Over the past few years, street art festivals have become more popular in major cities around the world where there is already some evidence and acknowledgement of the culture. Occasionally, organizers in smaller communities are able to convince others of the benefits (both economic and communal) of adding public art to their walls, and great events like The Unexpected Street Art Project in Fort Smith, Arkansas are born.
Organized by 64.6 Downtown and curated by Charlotte Dutoit of JUSTKIDS, The Unexpected Street Art Project kicked off on September 3 with a gallery exhibition titled Printology at the University of Arkansas Fort Smith’s Windgate Art and Design Building. Over the course of the next week, residents watched as historic buildings in downtown Fort Smith were transformed by a class of students from the University and a squad of artists from around the world: D*Face (London), Ana Maria (Puerto Rico), Bicicleta Sem Freio (Brazil), VHILS (Portugal), Maser (Ireland), ASKEW ONE (New Zealand), and ROA (Belgium).
I was invited to visit Fort Smith to witness the Unexpected festival firsthand, and they could not have picked a more suitable name for the experience. Fort Smith is a small place with a very big and rich history. Established as a military outpost in the early 1800s, the town is often called the place where the “Old West” meets the “New South,” and it feels like it as soon as you land at their small regional airport.
Everyone there is nice and gives a smile and a nod when they pass you on the street, even the leatherclad bikers with Confederate flag bandanas. At first the vibe was very confusing for a current New Yorker born and bred in South Carolina, but as the days went on and the murals progressed, the smiles began to feel more genuine and the excitement surrounding the festival was palpable. The murals were all situated within 10 blocks of downtown Fort Smith, so it was easy to walk (or ride in a golf cart) between them to see the progress and to people watch.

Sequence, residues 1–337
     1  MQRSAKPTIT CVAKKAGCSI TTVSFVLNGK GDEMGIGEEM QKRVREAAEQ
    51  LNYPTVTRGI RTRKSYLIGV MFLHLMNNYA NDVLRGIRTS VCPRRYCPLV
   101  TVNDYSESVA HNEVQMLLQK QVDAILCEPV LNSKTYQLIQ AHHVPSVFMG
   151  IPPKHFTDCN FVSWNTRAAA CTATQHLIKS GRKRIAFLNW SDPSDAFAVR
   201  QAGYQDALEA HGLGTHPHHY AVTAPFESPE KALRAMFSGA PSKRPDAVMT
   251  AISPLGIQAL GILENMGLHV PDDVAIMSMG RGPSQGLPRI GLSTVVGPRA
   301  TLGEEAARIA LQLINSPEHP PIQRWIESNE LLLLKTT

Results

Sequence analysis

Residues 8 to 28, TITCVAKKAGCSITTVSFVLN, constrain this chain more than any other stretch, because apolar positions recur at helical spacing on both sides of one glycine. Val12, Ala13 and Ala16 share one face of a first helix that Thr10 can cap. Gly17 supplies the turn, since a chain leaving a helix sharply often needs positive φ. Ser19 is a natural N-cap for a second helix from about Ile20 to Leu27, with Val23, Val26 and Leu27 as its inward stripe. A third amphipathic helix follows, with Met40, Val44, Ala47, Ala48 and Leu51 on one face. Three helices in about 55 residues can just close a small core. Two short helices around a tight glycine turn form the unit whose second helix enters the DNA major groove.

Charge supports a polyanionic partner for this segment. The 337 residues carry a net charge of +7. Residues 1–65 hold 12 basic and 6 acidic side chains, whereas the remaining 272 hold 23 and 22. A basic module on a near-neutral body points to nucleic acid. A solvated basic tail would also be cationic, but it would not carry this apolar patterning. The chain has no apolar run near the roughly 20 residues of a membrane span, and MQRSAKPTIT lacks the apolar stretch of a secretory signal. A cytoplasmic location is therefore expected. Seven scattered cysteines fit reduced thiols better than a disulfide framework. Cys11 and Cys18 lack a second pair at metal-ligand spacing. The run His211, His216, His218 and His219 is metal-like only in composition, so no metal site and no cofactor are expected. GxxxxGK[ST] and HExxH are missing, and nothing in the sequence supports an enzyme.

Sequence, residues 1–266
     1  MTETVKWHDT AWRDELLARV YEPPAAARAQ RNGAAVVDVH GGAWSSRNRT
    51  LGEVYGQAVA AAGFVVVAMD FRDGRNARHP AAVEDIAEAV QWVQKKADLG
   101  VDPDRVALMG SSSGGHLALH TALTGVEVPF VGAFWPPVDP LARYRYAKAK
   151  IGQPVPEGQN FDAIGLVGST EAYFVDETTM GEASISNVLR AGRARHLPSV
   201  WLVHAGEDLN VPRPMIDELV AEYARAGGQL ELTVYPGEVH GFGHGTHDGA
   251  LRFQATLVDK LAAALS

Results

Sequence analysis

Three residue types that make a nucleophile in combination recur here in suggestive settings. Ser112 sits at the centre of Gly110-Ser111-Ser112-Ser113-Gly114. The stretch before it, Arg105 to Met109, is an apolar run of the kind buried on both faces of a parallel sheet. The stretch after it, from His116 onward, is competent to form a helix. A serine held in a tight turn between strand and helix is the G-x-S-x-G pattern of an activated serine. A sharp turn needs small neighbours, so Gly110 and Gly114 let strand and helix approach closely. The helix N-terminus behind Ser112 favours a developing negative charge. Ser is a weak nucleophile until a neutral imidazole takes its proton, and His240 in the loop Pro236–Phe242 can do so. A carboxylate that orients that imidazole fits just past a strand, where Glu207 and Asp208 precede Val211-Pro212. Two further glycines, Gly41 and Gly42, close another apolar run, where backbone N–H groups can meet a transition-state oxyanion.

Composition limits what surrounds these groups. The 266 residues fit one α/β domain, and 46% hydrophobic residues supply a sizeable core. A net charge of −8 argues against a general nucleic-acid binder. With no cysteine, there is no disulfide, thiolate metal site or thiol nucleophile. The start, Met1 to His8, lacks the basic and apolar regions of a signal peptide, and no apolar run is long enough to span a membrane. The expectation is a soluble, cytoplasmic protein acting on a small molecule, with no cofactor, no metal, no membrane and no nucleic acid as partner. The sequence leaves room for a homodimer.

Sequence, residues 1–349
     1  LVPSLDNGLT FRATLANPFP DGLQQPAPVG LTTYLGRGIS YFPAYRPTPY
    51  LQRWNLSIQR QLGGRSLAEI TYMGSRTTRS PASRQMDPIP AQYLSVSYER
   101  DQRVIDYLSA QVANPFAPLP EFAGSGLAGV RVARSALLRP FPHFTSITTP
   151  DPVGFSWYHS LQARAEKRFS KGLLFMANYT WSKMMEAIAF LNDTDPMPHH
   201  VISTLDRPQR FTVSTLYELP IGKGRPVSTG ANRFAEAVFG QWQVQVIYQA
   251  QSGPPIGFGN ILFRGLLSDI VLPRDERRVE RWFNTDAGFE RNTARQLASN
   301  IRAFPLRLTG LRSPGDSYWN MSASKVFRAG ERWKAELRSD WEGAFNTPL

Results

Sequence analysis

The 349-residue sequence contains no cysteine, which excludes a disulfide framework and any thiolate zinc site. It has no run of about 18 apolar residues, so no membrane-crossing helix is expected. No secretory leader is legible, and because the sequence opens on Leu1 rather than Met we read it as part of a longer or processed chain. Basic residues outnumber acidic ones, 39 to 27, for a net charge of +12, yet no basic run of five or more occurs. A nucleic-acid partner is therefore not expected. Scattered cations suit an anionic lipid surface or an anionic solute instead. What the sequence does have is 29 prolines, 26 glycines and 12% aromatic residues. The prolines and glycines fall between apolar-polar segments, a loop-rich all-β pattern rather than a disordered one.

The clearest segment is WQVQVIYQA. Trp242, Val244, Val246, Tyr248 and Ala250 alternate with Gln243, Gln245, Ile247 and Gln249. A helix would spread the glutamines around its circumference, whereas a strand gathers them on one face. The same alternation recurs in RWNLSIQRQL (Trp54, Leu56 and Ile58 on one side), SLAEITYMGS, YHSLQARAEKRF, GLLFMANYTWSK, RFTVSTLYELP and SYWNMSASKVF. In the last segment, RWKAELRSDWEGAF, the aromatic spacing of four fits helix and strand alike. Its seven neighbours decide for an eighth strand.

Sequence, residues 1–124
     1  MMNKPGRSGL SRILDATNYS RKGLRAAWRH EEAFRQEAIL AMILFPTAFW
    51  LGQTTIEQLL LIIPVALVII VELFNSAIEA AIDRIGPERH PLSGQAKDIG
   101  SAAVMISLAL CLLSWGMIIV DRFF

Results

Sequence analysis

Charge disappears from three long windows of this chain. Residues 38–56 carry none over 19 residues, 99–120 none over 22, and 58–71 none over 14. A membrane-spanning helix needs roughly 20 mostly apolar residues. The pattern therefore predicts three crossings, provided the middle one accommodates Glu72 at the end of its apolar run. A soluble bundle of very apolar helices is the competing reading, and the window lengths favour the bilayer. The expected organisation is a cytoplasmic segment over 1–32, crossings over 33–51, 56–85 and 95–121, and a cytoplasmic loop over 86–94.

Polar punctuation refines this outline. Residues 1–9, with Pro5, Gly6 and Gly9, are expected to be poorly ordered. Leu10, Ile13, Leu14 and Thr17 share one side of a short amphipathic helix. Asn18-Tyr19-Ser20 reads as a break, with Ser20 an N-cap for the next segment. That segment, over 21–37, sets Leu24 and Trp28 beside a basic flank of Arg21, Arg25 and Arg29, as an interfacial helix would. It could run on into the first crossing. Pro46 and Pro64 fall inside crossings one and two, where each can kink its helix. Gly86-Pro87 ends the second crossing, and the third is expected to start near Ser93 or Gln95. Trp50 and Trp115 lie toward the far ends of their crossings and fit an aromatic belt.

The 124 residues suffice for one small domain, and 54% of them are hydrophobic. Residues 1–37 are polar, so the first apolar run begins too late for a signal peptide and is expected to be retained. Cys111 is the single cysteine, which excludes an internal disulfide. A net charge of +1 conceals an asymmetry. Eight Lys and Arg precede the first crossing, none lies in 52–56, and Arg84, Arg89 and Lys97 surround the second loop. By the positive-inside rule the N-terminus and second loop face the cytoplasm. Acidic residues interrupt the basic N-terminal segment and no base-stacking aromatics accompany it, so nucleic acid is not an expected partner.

Even during the warmer hours, crowds were a given. Kids showed up with their parents to see the art as a part of a school project, countless cars slowed and stopped at intersections to take pictures, and pedestrians stood with their chins toward the sky, waiting for the artists to take a break so they could ask them or one of the hardworking volunteers what the halfpainted walls “meant” or to thank them for what they were doing for the town.
“To me, it’s about education,” said Steve Clark, commissioner of Fort Smith’s Central Business Improvement District and supporter of the festival. “Some people may never go to a museum or a gallery, but a little girl or boy can see the artists paint and think ‘I can do that.’ You’re introducing something to people where the people are.”
Events like The Unexpected Street Art Festival just make sense. It makes sense for the sponsors and building owners, it makes sense for the artists who paint for the love and not the notoriety, and it makes sense for the culture. Street art existing in big cities is great, but there are millions of murals that get painted, are shared on social media for a week, and are then either forgotten or painted over in a matter of months. The people of Fort Smith will remember these pieces forever, and their daily lives will be better for it.